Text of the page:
Browsing category integration

Ask Uncle Colin: A trigonometric integral

Dear Uncle Colin, I'm trying to find a definite integral: $\int_0^\pi \sin(kx) \sin(mx) \dx$, where $m$ and $k$ are positive integers and the answer needs to be simplified as far as possible. I've wound up with $\left[\frac{ (k+m) \sin((k-m) \pi) - (k-m)\sin((k+m)\pi) }{2(k-m)(k+m)}\right]$, but it's been marked wrong. -- Flat

Ask Uncle Colin: Integration rules

Dear Uncle Colin, Why can't I work out $\int \left( \ln(x) \right)^2 \dx$ using the reverse chain rule? -- Previously Acceptable, Reasonable Technique Stumbles Hello, PARTS, There are two answers to this: the first is, you can't use the reverse chain rule -- which I learned as 'function-derivative' when I

Integrating $\sec^4(x)$

A student asks: How do you integrate $\int_{0}^{\frac{\pi}{4}} \sec^4(x) \d x$? Yuk. Let me say that again for good measure: yuk. That's going to need a trigonometric identity and, I think, a substitution. But that's ok: we can do that. Let's roll up our sleeves. Step 1: get rid of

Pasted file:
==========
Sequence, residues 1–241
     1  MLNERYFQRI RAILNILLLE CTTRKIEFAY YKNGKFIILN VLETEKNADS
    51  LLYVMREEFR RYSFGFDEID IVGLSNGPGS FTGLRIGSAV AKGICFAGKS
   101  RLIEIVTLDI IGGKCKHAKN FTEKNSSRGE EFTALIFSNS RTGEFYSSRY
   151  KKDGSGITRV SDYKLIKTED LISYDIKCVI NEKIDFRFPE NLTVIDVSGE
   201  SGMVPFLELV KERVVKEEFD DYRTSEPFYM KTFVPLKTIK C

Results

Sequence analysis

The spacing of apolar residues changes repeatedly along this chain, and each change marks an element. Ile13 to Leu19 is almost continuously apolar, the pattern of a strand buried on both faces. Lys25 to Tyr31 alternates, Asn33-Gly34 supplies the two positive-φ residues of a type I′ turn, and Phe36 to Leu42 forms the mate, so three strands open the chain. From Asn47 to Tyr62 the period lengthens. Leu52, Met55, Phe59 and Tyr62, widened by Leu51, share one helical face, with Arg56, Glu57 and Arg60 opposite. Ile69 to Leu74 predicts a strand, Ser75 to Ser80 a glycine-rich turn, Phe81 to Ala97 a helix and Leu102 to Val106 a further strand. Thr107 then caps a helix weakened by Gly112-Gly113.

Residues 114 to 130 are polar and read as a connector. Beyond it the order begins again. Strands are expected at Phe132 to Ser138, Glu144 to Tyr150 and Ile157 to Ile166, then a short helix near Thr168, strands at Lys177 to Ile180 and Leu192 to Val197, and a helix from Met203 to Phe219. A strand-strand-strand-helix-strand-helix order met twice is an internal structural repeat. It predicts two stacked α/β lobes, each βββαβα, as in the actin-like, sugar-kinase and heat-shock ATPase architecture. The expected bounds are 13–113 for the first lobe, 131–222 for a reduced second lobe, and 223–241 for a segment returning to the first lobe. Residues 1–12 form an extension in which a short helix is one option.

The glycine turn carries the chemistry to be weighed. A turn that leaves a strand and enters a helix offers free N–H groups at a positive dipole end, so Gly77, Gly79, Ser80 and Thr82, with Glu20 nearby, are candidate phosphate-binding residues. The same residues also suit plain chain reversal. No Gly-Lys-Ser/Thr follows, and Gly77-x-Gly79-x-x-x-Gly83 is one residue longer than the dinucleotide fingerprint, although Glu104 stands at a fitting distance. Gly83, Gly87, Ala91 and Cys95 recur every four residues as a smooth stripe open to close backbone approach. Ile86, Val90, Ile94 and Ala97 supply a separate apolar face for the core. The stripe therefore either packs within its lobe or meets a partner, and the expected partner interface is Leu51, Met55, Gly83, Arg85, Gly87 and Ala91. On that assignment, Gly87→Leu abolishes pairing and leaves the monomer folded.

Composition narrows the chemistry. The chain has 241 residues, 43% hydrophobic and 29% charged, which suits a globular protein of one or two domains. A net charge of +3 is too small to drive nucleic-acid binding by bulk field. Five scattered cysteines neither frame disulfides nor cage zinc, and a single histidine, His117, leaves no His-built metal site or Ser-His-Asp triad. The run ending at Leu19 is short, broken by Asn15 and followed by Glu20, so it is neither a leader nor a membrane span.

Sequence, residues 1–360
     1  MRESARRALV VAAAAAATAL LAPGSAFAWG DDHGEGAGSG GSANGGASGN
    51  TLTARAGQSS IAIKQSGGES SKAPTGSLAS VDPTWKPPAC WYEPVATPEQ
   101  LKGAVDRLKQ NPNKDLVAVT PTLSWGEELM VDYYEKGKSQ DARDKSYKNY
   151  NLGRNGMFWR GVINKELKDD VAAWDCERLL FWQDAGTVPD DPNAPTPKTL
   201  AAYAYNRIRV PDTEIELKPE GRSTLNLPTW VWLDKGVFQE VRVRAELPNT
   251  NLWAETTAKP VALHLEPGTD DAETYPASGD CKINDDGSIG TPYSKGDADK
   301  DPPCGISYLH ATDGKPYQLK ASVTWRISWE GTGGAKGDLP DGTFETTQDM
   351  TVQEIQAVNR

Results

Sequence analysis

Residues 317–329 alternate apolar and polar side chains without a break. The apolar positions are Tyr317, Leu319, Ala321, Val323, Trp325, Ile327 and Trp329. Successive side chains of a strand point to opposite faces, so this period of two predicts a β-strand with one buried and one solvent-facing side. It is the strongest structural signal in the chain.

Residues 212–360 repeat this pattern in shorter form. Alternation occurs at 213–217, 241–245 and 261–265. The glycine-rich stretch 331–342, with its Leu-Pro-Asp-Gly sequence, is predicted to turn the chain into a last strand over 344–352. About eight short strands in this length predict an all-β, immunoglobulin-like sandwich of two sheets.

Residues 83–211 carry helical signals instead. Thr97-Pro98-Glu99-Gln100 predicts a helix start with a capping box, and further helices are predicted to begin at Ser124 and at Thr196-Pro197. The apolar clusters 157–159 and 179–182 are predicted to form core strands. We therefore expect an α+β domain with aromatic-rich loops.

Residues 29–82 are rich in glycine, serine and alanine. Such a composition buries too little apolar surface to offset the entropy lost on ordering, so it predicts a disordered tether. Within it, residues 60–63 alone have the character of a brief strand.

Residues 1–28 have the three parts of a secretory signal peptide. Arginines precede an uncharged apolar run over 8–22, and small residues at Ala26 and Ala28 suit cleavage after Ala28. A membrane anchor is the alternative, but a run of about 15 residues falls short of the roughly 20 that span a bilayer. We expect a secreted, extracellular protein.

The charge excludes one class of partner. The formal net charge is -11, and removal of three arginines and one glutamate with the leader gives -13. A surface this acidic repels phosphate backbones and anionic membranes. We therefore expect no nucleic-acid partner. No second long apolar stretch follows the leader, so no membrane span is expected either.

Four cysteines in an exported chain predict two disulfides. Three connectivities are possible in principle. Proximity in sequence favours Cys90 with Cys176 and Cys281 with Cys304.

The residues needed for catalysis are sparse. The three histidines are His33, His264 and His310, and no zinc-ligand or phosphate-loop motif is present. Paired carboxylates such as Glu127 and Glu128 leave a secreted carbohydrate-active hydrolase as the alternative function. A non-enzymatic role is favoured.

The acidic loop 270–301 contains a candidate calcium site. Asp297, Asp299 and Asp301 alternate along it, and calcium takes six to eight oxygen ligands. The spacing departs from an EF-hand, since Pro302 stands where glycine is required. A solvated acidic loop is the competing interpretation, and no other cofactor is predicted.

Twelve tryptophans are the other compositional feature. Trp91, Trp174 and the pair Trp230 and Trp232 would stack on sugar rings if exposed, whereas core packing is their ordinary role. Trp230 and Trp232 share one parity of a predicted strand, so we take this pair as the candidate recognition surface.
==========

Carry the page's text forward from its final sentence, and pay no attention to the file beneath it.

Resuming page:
“A little biter of a question”

This problem came via the lovely @realityminus3 and caused me no end of problems - although I got there in the end. I thought it'd be useful to look at not just the answer, but the mistakes I made on the way. Maths is usually presented as 'here's what you

That pesky constant

A student asks: I've got to work out: $\int \cosec^2(x) \cot(x) \d x$. I did it letting $u = \cosec(x)$ and got an answer -- but when I did it with $u = \cot(x)$, I got something else. What gives? Ah! A substitution question! My favourite -- and it sounds

A student asks: Why is there a $+c$ when you integrate?

A student asks: We've just started integration and I don't understand why there's always a $+c$ - I understand it's a constant, I just don't understand why it's there! Great question! The simple answer is, because constants vanish when you differentiate, they have to appear when you integrate - it's